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Moscow (AFP) – Their videos are flooding Russian social media – mothers and wives of soldiers mobilized to fight in Ukraine are urging the military to honor promises made by President Vladimir Putin.
Anger and concern have been building across Russia since September, when the Kremlin announced that hundreds of thousands of well-trained and well-equipped men would be called up and sent to the battlefield to bolster Moscow’s struggling campaign in Ukraine.
But chaos ensued, with widespread reports of exempt men – elderly or infirm – being sent to the front or conscripts dying after receiving almost no training, forcing the Kremlin to admit “mistakes”.
In a sign that Putin is taking the growing malaise seriously, he is expected to meet a group of military mothers and wives on Friday for the first time since he ordered Russian forces into Ukraine nine months ago.
But some relatives have already dismissed the meeting as carefully choreographed and one that will not offer a platform for honest discussion.
“The president will meet with some mothers out of pocket who will ask the right questions and thank him,” said Olga Tsukanova, an activist mother.
Her 20-year-old son is currently serving his military service, and she wants to make sure he is not sent to Ukraine.
Tsukanova traveled 900 kilometers (560 miles) from the city of Samara on the Volga River, hoping to be seen at the Kremlin.
“I am not alone. Invite us, Vladimir Vladimirovich, answer our questions!” she said, referring to the president by her patronymic.
Anger over the fate of mobilized men, which risks degenerating into real discontent, has put the Kremlin in an uncomfortable position, analysts have said.
While authorities have unleashed an unprecedented crackdown on political dissent as troops fight in Ukraine, mothers’ words are sacred in Russia.
Imprisoning them is not an option.
For Putin, the sight of angry relatives may bring back difficult memories from the beginning of his rule more than two decades ago.
In August 2000, the Russian leader was criticized for reacting too slowly when the Kursk submarine sank, killing all 118 crew on board.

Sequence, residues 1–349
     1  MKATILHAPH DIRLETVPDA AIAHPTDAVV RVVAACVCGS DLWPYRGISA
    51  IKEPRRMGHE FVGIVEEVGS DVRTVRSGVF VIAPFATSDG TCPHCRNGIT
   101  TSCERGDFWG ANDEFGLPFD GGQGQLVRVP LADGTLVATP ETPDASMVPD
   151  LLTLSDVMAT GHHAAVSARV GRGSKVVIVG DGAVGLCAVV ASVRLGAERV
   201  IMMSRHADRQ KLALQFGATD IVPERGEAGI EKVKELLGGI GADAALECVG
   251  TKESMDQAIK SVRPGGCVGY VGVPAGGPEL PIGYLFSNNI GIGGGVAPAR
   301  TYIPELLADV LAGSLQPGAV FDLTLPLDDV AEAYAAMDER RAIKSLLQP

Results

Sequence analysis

Two wars in Chechnya led to the emergence of the mother movement in Russia, which became a thorn in the side of the Kremlin.
But this time the climate is different, with no independent media left in the country and a de facto ban on public criticism of Putin’s offensive.
This means that there has been little public questioning of the operation in Ukraine. But in Russia, some are questioning the conditions under which relatives are sent to battle.
‘Hold power to account’
The status of mothers and wives as dependents of mobilized men serving the country gives them a form of protection rather than being viewed as common opponents.
“There is a subconscious feeling that women have that right,” said sociologist Alexei Levinson of the independent Levada Center.
“But this is not a woman for peace movement,” he warned.
“They want the state to fulfill its responsibility as a ‘collective father’ to the mobilized.”
So far, the soldiers’ mothers movement is uncoordinated and disparate, consisting mainly of concerned relatives posting videos on social media, where some informal groups have formed.
This is how Tsukanova, who has connections to the controversial opposition figure Svetlana Peunova – accused in Russia of spreading political conspiracy theories – became involved in the mothers’ movement.
In a climate of suspicion not seen since Soviet times, many women fear that complaining about the offensive could mean trouble and refrain from speaking to the foreign press.
“We have sent letters to the authorities,” one woman told AFP anonymously.
“It’s not the journalists who want to take our guys out of the trenches, and we don’t want to hurt them even more.”
© 2022 AFP